Considering that the 137Cs+ adsorption depth is only about 1–2 nm, hollow PB nanoparticles may offer many more advantages. They not only have a very active surface area due to their large surface to volume ratio but their hollow interior is also capable of capturing and storing 137Cs+ [12]. A surfactant polyvinylpyrrolidone (PVP) was used to stabilize the nanoparticle and increase their dispersion in aqueous solutions. Figure 3 compares the efficiency of solid and hollow PB cubes of ~200 nm, in the capture of 137Cs+. The elemental mapping of Figure 3B depicts a higher concentration of captured 137Cs+ ions within the hollow structures than the filled ones in Figure 3A. Nevertheless, 137Cs+ diffusion depth greater than 2 nm would require higher activation energy at room temperature. Other methods are required to determine the exact diffusion depth in such structures, as these results are mainly qualitative. Besides, it is well known that the use of a surfactant shields the active sites and prevents the capture of 137Cs+. In order to avoid such shielding effects, PB could be coated onto support materials instead through hydroxyl bonds that anchor the PB to the support material. Carboxylic groups also tend to immobilize the PB particles in a sturdier manner. Wi et al., used a polyvinyl support surface functionalized with acrylic acid. This allowed converting the OH groups to COOH and providing a better adhesion of the PB [13]. The PB nanoparticles were immobilized on the PVP sponge and an increase in 137Cs+ uptake efficiency by five times was reported, compared to the hydroxyl bond functionalization.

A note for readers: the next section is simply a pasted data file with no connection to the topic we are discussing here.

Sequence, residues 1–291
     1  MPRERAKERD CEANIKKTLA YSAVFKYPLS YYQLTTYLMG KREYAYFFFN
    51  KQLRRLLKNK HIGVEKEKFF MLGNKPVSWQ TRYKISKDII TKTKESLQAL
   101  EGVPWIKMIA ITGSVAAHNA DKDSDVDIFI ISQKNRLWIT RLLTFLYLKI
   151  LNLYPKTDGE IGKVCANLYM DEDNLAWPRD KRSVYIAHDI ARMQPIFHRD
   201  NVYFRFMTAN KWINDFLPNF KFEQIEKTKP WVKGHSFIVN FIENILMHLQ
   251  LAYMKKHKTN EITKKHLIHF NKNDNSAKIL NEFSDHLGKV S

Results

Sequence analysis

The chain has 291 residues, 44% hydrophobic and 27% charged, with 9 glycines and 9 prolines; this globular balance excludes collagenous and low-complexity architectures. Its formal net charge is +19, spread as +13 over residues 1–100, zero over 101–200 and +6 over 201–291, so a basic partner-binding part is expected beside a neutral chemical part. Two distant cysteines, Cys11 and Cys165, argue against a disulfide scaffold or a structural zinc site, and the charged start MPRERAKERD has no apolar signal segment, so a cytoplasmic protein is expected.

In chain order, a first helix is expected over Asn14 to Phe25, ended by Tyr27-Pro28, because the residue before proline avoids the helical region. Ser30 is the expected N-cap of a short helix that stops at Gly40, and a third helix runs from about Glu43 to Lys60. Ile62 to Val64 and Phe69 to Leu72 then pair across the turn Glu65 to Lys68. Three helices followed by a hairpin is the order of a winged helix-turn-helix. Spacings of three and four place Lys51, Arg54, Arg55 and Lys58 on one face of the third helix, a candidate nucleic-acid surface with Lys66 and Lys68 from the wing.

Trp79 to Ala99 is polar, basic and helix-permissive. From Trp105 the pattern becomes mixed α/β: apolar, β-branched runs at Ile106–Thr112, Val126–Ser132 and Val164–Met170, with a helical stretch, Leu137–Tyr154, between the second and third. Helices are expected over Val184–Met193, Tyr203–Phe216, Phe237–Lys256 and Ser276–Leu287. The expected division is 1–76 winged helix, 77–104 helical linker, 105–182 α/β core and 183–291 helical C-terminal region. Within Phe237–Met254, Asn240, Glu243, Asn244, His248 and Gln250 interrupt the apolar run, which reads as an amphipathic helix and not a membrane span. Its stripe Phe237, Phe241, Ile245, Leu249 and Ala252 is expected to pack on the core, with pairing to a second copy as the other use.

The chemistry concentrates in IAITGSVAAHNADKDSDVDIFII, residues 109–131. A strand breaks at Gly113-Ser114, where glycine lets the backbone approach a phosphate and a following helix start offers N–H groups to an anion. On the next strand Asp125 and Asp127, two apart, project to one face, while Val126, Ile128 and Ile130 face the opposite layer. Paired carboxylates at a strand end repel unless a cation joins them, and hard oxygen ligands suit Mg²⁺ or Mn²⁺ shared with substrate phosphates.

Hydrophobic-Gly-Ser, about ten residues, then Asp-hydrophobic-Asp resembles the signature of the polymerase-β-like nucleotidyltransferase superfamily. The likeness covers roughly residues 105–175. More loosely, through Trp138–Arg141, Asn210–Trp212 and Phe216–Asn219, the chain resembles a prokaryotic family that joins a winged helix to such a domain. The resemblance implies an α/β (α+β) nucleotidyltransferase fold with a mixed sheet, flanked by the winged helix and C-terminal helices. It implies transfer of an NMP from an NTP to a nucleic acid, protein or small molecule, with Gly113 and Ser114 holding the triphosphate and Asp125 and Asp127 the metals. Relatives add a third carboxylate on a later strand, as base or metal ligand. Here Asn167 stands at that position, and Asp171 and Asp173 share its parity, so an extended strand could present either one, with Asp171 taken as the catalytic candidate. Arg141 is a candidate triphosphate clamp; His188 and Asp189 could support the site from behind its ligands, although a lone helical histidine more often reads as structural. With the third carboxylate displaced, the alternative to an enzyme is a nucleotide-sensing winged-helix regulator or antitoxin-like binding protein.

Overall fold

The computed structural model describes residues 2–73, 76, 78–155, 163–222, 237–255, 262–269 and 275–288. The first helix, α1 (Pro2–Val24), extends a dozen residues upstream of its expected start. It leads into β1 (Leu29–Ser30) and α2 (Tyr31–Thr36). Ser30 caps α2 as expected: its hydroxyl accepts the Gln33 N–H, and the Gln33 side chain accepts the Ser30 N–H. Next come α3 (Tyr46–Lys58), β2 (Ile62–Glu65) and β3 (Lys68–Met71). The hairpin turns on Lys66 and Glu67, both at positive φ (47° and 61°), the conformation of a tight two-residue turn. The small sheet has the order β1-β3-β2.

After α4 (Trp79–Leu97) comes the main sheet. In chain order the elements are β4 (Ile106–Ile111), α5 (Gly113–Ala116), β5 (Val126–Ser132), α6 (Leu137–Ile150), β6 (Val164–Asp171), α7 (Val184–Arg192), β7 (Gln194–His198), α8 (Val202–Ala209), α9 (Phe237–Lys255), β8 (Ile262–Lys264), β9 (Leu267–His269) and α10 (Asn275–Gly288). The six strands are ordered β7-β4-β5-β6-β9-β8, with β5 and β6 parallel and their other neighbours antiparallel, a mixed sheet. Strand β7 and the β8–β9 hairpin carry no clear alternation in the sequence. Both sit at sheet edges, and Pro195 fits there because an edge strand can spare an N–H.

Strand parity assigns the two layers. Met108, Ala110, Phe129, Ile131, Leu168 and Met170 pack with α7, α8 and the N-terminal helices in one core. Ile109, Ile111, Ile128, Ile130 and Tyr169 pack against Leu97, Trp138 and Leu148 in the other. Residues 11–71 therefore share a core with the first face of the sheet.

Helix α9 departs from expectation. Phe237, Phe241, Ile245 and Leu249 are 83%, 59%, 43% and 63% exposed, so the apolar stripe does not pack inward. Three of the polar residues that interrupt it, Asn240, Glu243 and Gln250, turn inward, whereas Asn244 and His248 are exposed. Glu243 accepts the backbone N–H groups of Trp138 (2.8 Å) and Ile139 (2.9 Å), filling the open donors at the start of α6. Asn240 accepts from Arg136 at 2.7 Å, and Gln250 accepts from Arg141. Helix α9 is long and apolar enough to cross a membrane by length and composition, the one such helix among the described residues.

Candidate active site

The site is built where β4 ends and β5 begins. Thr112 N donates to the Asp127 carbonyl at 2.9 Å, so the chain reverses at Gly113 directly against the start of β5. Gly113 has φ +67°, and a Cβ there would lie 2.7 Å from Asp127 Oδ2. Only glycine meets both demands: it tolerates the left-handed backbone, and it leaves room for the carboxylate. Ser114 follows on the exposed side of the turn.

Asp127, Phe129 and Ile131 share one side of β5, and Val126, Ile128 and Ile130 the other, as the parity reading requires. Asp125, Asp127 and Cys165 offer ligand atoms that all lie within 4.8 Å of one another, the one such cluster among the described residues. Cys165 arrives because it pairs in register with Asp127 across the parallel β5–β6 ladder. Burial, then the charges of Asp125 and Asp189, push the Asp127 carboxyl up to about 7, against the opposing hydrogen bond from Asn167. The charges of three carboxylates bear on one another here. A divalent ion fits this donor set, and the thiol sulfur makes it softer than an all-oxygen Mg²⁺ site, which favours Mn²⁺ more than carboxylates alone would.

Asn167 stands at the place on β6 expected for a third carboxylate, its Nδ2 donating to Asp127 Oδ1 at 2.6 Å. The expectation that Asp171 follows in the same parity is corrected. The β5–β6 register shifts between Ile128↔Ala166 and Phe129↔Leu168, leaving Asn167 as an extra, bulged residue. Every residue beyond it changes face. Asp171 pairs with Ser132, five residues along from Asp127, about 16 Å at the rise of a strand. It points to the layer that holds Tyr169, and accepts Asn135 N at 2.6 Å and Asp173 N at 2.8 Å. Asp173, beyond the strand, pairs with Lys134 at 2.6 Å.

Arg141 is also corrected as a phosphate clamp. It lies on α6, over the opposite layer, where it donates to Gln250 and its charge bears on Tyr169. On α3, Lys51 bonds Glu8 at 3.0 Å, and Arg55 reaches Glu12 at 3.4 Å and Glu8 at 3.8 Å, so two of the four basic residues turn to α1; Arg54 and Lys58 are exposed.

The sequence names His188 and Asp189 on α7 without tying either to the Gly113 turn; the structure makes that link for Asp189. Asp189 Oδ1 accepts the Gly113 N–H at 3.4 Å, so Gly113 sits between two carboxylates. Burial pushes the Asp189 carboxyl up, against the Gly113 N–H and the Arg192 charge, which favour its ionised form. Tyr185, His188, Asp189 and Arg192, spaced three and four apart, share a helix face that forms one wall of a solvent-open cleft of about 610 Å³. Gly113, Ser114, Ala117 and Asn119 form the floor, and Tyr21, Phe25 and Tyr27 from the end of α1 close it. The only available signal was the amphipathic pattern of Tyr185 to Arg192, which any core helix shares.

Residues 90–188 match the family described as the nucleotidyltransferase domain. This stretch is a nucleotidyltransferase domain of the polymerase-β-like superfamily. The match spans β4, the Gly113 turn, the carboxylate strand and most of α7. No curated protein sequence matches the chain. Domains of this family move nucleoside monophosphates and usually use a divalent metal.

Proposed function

Figure 3. Elemental mapping images of solid (A) and hollow PB (B) nanoparticles of 190 nm in diameter. (a) Dark-field TEM image, (b) elemental mapping of both Fe and Cs (c) elemental mapping of Fe, and (d) elemental mapping of Cs. Adapted with permission from [12], Copyright RSC, 2012.